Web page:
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What is Romanticism?

You get told that Wordsworth and Shelley are Romantic poets, but what does that actually mean?

Broadly, we’re talking about art and literature produced between 1800 and 1850 that focused on feelings and expressing them, as well as being an individual. The emotions they explore did not have to be positive: fear, anger and amazement were focused on too. For a Romantic, nature and stories from the past were glorious, wonderful things for people to enjoy, not study. Mostly we can see Romantic ideas in creative arts, but also in how people study history.


Romanticism is also a reaction. In the fifty years or so before our poets were writing, the Industrial Revolution had begun. Loads of new technology like steam engines, machines that make stuff and factories themselves were introduced for the first time and populations in cities boomed. Larger cities like Birmingham and London became polluted and overcrowded. Conditions in many factories were awful, and writer like Blake who saw this were shocked and saddened by how everything had changed so quickly.


These changes in society brought about new philosophies. Rationalism was one that annoyed many Romantics: being logical was the best way to understand the world, and the only way to understand what is true is to find evidence and not consider any emotions. To a Romantic, the emotions felt by someone were just as important and valid as any measurable, or ‘empirical’ evidence. Classicism was another annoyance as it was an obsession with the literature, imagery and philosophy of Ancient Greece and Rome. What was wrong with other stories, or people’s own experiences? Realism was another popular theme in Art, where artists painted things as they ‘really were’. No imagination, said the Romantics!


It’s important to think about the French Revolution too. In 1789 the middle class and intellectuals of France led a Revolution that resulted in France being declared a Republic and the monarchy being publicly and dramatically executed. Breaking the rules was any Romantic’s favourite thing to do, and this was the ultimate rule breaking! Things, however, did not go as wonderfully as many hoped. Within two years it all went a bit violent as The Terror broke out, and this disillusioned Romantics all over Europe.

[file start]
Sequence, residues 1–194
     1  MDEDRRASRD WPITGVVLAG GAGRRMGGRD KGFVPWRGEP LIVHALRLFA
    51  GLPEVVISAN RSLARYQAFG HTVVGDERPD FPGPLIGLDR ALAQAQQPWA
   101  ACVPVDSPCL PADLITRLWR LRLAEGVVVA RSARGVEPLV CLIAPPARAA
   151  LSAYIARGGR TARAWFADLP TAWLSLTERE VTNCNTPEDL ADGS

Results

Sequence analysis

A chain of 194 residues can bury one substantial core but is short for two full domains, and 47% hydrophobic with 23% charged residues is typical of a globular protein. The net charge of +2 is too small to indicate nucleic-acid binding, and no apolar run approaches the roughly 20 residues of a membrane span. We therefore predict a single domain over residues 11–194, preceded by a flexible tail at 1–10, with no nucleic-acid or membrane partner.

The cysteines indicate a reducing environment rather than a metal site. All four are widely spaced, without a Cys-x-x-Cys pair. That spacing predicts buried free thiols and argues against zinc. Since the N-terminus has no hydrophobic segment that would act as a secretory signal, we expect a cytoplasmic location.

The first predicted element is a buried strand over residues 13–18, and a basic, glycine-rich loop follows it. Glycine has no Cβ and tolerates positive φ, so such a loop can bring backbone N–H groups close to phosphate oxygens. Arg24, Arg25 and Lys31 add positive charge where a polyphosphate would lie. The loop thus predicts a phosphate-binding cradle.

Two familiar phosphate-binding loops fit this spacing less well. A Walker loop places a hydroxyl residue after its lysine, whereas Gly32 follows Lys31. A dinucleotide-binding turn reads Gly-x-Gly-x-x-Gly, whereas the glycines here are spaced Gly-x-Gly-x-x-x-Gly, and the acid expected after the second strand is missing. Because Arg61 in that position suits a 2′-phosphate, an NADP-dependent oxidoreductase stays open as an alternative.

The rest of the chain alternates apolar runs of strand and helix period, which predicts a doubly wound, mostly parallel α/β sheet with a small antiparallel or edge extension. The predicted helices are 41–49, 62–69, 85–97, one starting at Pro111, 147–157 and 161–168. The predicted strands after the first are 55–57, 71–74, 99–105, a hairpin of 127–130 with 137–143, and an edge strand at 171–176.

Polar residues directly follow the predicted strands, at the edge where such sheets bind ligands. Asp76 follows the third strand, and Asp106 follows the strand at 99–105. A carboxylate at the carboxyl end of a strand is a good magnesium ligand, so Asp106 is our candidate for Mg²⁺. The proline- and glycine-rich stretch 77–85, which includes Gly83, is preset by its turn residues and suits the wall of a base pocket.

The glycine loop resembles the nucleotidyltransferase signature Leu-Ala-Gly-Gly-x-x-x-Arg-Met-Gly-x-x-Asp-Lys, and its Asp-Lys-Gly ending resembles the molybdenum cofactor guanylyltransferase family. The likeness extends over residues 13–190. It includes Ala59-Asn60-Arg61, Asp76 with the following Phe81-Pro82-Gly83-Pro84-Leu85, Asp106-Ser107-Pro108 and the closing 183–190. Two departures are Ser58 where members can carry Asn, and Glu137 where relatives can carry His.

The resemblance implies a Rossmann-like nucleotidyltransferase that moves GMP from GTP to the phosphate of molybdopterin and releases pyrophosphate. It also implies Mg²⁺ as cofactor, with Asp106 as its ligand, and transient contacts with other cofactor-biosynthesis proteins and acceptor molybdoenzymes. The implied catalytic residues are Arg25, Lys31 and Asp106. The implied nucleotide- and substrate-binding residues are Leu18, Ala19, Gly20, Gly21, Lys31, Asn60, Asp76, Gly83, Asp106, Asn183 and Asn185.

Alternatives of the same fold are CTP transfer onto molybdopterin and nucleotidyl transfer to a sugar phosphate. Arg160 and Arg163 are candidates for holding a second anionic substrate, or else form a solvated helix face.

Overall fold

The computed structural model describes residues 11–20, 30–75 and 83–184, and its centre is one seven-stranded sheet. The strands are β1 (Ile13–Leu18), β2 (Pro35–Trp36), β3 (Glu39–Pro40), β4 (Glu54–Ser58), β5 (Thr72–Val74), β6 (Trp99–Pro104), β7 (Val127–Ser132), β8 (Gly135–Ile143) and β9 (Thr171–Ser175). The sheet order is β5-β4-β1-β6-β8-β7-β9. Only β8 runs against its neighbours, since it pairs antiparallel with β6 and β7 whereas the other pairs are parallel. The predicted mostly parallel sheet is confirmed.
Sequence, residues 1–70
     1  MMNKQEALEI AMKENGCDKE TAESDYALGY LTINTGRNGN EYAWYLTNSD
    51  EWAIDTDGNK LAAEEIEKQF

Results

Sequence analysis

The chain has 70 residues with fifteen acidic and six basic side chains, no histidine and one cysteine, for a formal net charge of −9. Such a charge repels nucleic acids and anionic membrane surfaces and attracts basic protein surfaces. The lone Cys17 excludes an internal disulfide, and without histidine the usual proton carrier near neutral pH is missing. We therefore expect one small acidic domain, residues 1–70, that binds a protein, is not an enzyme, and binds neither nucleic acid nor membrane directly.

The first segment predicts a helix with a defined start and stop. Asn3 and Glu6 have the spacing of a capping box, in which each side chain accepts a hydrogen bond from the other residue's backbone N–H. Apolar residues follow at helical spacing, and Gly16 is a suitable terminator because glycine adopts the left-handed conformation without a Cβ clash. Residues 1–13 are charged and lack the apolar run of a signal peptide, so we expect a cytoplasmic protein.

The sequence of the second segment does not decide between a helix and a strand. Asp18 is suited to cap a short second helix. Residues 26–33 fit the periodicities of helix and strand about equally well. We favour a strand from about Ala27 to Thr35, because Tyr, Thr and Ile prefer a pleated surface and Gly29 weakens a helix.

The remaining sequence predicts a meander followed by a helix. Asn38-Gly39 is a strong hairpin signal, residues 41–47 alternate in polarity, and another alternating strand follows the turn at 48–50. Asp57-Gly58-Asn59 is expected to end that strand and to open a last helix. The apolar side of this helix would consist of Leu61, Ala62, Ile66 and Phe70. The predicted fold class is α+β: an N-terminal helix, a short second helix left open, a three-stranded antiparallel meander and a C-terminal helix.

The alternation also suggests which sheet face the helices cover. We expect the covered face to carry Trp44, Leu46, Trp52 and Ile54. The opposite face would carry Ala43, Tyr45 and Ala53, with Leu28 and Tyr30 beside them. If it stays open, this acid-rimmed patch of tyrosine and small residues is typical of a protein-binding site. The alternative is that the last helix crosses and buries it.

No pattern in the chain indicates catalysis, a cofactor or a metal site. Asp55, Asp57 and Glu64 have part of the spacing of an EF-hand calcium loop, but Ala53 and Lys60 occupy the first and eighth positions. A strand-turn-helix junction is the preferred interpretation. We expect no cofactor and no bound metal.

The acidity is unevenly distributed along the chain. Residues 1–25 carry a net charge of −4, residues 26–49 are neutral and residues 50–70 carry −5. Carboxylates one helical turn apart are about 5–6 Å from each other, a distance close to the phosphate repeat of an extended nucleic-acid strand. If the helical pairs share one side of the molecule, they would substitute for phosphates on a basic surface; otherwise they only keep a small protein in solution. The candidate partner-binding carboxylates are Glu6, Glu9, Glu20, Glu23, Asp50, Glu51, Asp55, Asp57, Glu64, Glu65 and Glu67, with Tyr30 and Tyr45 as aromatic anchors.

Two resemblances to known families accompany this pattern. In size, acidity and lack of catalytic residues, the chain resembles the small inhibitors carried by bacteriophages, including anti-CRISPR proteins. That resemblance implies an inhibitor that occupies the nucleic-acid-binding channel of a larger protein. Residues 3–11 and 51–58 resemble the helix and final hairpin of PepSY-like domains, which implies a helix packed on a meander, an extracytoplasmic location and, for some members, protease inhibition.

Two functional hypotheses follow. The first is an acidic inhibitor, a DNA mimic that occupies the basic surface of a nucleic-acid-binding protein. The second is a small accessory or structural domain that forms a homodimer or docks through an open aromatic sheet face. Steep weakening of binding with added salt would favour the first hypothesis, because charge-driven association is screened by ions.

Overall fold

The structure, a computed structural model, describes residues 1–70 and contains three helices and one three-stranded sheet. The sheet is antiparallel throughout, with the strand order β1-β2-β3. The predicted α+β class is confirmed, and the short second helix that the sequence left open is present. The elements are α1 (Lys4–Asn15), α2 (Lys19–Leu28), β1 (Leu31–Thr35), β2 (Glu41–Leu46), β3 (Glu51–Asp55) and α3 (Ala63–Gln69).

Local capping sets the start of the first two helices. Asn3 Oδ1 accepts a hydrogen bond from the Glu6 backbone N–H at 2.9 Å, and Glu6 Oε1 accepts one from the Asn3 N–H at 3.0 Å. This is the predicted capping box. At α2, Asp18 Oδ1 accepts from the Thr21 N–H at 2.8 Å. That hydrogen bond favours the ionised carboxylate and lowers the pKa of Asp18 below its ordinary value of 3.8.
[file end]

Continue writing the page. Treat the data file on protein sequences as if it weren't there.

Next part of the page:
It wasn’t just an artistic thing either. These ideas rubbed off on science too, with a focus on a unity between humans and nature, making sense of the universe in spiritual terms, and working on how humanity can be improved through studying nature. Isaac Newton was an important figure when we look at these types of scientists.


One of the downsides to Romanticism is its link to Nationalism, or the focus on individual countries and why they are important. Today, that can be associated with UKIP, but in the nineteenth century it was about getting in touch with your country’s linguistic and cultural roots.

There you have it. Next time you hear something about King Arthur or Robin Hood, see an old lady enjoying a trip to the park or think about breaking a rule because you’re upset, you’ve got the Romantics to thank.

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